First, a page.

There is a low share of targeted funding of projects that explicitly address disability compared to those with broad development projects with a disability element as a cross cutting issue. This is evident from the wide difference between the significant component (94.2 per cent of the total contributed) and principal funding (5.8 per cent of the total contributed).
IFIs are emerging as the biggest funders of projects with disability as a cross-cutting issue. This finding is consistent with analyses of development finance during the Covid-19 pandemic by Development Initiatives, which showed that IFIs are becoming more prominent than bilateral donors.
Funding is heavily concentrated to just five sectors. Our review finds that more than four-fifths (85 per cent) of direct funding to disability projects was absorbed by the top five sectors, which are Health, Governance and security, Humanitarian, Education and ‘Other’ sectors.
The majority of funding is directed to the top ten recipient countries. Of the total disability exclusive projects, our review found that slightly more than two-thirds (70 per cent) are implemented in the top ten recipient countries. There is unclear connection between the recipient countries and the huge flow of specific disability aid when one considers total population size, disability prevalence rate, severity of disability types, and capacity of implementing local partners.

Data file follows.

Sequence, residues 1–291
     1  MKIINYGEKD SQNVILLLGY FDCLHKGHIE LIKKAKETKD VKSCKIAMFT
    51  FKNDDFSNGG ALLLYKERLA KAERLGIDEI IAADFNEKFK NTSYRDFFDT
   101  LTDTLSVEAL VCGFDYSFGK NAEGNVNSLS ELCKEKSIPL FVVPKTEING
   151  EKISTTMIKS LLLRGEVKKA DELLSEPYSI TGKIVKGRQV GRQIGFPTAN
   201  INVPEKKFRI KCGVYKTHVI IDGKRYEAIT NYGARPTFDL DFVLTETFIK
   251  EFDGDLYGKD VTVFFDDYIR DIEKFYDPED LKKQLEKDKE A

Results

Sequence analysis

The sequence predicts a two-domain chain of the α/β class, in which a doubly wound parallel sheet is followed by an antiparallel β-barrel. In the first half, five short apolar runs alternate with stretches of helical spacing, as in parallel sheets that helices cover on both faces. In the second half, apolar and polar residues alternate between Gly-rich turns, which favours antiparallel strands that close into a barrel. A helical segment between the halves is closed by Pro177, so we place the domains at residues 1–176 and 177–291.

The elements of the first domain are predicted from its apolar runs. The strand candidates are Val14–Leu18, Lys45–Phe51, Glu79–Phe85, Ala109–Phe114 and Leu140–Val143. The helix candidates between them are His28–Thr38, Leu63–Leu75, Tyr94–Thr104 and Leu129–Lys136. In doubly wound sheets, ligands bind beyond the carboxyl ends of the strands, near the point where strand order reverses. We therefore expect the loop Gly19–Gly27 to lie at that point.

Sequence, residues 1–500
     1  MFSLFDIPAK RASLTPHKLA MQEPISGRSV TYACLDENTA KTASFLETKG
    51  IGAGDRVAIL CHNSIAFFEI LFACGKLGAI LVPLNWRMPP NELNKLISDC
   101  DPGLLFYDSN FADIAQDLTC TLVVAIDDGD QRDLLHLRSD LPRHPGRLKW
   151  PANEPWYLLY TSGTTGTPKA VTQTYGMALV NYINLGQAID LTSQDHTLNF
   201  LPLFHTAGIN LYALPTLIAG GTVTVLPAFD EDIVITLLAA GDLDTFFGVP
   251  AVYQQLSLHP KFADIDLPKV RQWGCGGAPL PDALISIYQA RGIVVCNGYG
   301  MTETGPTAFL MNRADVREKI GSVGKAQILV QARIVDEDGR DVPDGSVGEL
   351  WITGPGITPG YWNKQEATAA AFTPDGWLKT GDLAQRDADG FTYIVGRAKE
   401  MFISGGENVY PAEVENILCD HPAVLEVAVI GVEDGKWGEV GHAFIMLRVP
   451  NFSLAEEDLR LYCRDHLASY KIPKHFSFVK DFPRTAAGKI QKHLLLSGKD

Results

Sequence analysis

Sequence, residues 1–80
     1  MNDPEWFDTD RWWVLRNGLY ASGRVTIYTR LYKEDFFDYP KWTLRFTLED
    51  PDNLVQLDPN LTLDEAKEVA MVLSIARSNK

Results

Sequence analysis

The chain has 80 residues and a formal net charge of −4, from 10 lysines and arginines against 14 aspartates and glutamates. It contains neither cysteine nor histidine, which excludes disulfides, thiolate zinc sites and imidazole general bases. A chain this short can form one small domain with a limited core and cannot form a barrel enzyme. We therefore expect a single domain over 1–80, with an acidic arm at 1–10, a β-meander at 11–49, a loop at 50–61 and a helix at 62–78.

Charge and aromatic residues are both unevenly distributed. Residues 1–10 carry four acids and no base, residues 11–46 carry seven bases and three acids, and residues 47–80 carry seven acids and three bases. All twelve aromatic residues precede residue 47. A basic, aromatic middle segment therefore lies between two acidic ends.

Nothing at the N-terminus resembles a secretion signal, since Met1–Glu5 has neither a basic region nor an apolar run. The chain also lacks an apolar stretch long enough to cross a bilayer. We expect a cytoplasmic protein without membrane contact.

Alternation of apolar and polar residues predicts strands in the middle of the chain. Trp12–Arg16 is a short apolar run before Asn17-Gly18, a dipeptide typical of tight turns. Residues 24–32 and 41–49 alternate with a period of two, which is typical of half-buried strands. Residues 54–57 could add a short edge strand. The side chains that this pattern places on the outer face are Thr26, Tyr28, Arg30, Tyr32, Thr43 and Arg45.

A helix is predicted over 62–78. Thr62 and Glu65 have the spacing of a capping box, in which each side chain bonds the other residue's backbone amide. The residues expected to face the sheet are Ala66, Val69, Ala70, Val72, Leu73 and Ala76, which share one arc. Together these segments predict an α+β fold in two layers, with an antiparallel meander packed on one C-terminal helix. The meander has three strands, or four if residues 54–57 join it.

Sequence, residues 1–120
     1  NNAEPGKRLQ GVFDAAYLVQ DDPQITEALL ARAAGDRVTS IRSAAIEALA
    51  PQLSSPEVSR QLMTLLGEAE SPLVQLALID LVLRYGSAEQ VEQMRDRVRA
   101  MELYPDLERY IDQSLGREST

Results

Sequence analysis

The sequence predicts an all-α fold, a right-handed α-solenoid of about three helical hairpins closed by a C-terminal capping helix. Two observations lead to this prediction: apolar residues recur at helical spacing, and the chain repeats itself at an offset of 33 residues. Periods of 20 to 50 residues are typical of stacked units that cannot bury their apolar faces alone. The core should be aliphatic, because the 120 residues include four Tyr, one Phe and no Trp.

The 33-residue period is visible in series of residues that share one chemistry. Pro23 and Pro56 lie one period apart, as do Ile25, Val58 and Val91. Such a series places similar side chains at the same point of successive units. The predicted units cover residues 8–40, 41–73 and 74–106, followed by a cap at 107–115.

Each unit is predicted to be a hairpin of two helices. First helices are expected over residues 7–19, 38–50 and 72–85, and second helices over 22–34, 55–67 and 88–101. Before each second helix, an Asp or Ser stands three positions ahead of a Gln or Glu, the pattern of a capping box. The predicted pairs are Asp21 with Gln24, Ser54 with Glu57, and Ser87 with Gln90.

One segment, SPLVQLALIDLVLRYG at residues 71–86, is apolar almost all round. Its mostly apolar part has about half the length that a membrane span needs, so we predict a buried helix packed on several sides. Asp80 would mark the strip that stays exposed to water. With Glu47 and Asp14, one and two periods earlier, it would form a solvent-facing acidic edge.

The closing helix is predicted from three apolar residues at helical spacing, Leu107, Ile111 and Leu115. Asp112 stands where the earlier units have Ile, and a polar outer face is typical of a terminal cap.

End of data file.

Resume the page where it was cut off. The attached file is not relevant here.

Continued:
Read the full briefing paper: Global disability financing in the context of Covid-19.
Photo caption: Dakkhina Bahadur received assistance through UN Women which she used to continue making equipment to catch crabs after her business was impacted by Covid-19 and Cyclone Amphan.
Countries labelled as ‘developing’ on IATI are those with low incomes and underdeveloped industrial base with a substantially low standard of living and lower human development indices.Return to source text